19th May 2018, Cambridge
University Centre, Cambridge, United Kingdom
CFP deadline: 28th February 2018
Arrangement and related practices (including transcription, orchestration, adaptation, reworking, translation, and completion) are musically ubiquitous, reinscribing pre-existing musical material(s) into fresh historical, cultural, and aesthetic contexts. However, the study of musical arrangement and transcription has been neglected within musicology, owing in part both to the lack of suitable theoretical and analytical methodologies for dealing with their processes and products, and to entrenched ideologies which privilege ‘originality’ and ‘authenticity’. This conference aims to bring together critical perspectives on these multifarious practices from within musicology and beyond.
We invite proposals for 20-minute papers on any related topic. We especially encourage paper proposals that consider broader implications of such practices for musical meaning, ontology, situation, authorship, and interpretation, as well as the social dimensions and mediations of musical transcription and arrangement, in the hope of drawing out theoretical underpinnings common to these diverse practices. We also welcome practice-based proposals from performers and composers. For the full version of the CFP, including some suggested themes, please refer to the conference webpage linked above.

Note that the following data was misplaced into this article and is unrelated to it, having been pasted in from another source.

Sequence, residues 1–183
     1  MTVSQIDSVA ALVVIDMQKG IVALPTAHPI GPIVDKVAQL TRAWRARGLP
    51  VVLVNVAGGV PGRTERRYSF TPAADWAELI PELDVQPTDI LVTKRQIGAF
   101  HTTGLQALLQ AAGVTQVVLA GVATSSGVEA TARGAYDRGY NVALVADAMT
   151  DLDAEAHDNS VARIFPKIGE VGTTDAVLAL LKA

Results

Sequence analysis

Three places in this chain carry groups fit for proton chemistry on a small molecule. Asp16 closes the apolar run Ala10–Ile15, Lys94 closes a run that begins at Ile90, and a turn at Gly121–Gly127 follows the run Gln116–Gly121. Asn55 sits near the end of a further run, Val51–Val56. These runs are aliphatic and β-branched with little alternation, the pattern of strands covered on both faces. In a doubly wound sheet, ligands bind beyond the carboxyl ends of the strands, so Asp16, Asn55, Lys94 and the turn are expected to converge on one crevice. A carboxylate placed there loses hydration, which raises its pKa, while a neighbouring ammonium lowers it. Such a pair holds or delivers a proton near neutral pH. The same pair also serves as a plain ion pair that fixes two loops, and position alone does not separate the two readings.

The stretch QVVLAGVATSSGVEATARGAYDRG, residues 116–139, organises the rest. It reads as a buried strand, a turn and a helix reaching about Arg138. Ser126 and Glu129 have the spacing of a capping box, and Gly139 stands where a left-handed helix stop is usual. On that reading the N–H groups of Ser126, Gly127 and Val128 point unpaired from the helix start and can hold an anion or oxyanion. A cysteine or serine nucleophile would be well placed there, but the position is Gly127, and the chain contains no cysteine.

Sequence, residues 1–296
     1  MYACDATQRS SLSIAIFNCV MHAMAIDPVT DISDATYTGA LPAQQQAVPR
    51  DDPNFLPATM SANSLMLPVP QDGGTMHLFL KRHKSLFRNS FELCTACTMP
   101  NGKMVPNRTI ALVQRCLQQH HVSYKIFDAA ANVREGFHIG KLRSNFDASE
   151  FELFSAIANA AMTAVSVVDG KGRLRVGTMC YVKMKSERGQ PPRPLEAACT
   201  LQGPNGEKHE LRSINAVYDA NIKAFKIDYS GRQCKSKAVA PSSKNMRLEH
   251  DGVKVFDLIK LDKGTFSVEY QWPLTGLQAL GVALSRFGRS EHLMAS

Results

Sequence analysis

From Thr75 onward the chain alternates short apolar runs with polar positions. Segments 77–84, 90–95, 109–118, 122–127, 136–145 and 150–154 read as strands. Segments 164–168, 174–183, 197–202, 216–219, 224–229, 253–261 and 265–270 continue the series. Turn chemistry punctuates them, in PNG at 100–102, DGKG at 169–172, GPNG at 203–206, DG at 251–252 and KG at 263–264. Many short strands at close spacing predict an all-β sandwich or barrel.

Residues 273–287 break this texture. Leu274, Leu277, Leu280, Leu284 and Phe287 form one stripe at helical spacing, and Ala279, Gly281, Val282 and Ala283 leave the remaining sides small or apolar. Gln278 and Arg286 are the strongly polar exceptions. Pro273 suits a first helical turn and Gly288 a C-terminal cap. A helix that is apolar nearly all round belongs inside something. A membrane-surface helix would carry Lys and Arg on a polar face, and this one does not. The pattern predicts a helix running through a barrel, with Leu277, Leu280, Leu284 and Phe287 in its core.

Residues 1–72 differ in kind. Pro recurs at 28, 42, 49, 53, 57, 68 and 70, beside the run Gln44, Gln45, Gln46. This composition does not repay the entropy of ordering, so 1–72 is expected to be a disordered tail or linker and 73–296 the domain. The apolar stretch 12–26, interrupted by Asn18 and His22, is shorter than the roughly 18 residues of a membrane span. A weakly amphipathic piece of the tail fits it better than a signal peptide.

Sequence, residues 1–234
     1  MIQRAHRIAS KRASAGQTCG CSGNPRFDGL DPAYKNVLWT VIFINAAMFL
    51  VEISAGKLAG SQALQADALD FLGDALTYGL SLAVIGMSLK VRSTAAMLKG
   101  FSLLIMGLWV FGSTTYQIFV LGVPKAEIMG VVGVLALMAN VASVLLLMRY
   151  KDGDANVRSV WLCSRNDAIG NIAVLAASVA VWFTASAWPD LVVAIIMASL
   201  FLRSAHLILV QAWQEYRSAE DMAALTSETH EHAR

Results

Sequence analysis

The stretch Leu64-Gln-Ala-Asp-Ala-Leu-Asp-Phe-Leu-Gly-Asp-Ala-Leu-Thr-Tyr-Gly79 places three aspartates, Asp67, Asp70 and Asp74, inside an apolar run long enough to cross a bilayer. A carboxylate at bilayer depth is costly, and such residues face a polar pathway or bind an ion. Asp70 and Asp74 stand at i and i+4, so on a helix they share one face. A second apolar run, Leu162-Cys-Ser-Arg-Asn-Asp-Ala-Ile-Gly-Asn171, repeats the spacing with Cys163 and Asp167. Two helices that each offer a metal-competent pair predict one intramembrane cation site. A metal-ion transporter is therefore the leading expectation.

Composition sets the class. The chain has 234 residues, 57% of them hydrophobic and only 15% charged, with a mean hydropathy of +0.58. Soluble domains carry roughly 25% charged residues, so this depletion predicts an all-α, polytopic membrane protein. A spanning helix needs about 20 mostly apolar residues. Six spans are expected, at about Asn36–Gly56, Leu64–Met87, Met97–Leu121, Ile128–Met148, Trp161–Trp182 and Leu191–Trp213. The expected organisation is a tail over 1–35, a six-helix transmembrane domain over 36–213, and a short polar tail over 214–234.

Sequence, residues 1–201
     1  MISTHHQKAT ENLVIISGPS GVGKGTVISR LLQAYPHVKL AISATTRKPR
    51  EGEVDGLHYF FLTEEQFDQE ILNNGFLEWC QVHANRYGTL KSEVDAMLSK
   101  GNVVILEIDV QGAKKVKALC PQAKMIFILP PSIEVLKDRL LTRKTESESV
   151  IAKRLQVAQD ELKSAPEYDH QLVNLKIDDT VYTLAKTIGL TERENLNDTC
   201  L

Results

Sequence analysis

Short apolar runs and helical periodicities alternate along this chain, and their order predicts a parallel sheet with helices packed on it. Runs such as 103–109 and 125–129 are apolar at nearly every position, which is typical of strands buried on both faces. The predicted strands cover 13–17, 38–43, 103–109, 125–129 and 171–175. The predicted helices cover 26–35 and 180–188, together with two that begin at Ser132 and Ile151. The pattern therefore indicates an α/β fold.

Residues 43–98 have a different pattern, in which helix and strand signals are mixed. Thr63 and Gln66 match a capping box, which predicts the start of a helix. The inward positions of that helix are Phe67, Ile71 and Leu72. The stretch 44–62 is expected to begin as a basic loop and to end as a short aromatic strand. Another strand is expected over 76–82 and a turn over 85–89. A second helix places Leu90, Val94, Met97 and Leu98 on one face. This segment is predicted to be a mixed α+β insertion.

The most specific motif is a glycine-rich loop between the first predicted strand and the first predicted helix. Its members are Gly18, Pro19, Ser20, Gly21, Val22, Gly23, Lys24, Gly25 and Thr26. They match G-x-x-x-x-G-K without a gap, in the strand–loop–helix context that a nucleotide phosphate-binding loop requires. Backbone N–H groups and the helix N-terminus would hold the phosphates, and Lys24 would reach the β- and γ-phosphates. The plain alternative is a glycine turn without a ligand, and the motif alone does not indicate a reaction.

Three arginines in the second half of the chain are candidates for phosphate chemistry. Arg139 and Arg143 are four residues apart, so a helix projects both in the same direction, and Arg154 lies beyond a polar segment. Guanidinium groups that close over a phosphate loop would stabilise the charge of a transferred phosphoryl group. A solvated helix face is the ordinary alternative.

Please send abstracts (250 words) to "tarotmusicology -at- gmail.com" by 28th February, along with a short biography (100 words), contact details, institutional affiliation, and technical requirements listed on a separate page. Decisions will be communicated by mid-March. We may be able to offer some financial assistance towards expenses for students — please indicate if you would like to be considered for a bursary.
This conference is organised by a London-based study group on musical transcription and arrangement, ‘TAROT’ (tarotmusicology.wordpress.com). Committee: Peter Asimov (University of Cambridge); Frankie Perry (Royal Holloway, University of London); William Drummond (University of Oxford).
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